In 2017, the Minnesota Legislature reformed its construction defect laws for multifamily for-ownership housing to encourage more multifamily development in growing areas. This change was connected to Minnesota’s statutory home warranty requirement.
At the time, the development community said the litigation environment prevented the construction of more for-ownership housing projects. The risk of litigation over the lack of HOA maintenance, they said, was too high on condominium and townhome projects, despite the low inventory and high demand for new housing.
According to data from the United States Census Bureau, a surge in multifamily construction followed the passage of the reforms, but the data does not track occupancy type. After examining for-ownership vs. for-rent construction in the Twin Cities tracked by the Metropolitan Council, it appears that the increase in production was not tied to for-ownership.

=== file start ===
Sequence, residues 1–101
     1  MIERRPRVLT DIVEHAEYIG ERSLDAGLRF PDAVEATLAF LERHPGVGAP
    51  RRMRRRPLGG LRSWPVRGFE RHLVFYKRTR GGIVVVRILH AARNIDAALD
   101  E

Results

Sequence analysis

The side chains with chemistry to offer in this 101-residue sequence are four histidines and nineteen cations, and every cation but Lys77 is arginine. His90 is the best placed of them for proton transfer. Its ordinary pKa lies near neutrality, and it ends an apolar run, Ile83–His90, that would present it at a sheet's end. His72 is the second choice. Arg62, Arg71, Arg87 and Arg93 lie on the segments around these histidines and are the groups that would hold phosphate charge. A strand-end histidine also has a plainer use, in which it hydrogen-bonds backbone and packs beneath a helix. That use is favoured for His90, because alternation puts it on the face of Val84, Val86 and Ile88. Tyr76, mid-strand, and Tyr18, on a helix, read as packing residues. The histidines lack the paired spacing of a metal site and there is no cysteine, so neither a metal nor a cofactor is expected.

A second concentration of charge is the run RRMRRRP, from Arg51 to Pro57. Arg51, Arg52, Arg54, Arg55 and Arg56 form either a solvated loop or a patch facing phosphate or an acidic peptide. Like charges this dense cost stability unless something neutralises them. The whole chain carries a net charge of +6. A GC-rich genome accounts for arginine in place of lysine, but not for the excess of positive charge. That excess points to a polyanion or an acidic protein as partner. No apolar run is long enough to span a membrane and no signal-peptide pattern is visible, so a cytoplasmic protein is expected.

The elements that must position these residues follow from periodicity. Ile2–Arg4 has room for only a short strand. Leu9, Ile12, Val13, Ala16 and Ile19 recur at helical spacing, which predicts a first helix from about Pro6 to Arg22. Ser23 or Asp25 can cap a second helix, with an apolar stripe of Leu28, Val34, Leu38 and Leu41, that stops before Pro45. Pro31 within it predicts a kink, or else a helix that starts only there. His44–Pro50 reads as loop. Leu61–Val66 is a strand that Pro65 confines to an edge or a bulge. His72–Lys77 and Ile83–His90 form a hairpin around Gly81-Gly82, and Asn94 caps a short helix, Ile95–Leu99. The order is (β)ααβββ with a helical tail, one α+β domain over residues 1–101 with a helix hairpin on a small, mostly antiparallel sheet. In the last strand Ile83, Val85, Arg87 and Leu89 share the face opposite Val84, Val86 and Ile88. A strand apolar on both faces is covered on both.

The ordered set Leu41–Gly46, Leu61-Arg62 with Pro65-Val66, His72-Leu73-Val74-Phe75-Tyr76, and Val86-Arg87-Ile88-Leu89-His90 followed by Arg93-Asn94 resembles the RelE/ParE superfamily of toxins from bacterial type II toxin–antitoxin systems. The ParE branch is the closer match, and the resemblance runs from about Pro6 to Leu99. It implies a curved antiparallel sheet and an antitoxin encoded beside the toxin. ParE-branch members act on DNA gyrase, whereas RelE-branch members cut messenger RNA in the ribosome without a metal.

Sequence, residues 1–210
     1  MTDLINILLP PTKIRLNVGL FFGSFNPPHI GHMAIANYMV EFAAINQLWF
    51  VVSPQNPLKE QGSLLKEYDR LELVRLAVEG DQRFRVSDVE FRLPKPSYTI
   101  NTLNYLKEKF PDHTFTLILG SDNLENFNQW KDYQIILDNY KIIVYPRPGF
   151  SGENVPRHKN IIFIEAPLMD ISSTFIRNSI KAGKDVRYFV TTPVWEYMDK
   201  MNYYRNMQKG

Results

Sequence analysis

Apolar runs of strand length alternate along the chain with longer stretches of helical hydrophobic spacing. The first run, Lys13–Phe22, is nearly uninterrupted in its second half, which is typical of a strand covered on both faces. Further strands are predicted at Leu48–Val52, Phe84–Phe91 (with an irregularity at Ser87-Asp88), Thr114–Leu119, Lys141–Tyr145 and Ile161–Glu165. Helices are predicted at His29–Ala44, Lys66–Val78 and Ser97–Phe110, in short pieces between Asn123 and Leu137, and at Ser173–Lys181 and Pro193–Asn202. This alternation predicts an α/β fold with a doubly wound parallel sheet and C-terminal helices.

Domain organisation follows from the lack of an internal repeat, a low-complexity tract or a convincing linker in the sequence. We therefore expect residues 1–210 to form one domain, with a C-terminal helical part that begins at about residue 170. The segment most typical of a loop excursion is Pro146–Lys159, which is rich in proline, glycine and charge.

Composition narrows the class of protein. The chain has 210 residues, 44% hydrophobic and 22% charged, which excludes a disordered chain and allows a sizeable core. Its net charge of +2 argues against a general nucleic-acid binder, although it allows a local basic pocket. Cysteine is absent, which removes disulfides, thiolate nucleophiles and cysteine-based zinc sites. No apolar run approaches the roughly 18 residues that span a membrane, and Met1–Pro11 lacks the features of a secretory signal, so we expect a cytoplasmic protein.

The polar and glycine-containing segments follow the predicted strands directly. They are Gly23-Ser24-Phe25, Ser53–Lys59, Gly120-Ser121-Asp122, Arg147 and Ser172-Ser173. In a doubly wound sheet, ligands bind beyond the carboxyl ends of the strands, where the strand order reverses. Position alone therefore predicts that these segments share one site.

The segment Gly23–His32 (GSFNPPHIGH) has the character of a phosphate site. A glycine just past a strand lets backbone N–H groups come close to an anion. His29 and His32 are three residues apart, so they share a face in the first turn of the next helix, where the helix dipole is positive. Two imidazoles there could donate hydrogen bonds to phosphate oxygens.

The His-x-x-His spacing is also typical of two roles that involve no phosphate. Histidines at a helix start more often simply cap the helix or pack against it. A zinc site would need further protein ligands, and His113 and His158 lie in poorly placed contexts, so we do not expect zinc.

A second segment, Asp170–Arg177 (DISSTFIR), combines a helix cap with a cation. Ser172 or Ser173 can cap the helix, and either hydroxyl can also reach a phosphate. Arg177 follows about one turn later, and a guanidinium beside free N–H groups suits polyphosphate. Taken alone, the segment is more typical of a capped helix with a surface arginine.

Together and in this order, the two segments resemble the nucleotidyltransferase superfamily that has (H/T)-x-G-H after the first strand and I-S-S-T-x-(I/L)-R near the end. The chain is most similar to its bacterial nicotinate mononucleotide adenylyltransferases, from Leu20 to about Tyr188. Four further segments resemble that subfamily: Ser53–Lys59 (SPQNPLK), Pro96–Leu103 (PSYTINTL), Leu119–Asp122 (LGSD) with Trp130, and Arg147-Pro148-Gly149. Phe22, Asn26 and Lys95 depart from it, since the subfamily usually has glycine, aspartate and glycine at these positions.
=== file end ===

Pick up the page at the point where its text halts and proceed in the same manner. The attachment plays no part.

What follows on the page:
For multifamily projects greater than five units, for-ownership production decreased after 2017 and became almost non-existent, despite the surge in multifamily construction. Production increased for townhomes, but that share of for-ownership and for-rent did not change meaningfully.
“Digging into the data, we can see that the reforms passed in Minnesota in 2017 did not go far enough in opening the market of for-ownership multifamily construction,” said Nick Erickson, executive director of Housing Affordability Institute.
The case study contains interviews with townhome developers that explain the increase in townhome production. These builders stated that the increase in townhome production is more related to the declining affordability in the Twin Cities region. Townhomes are the only new-home product largely available to buyers for less than $400,000, according to one builder.
“As other states look to pass multifamily construction defect reforms, they should use this report to see that leaving too much on the table can lead to a law in which not much changes,” Erickson said.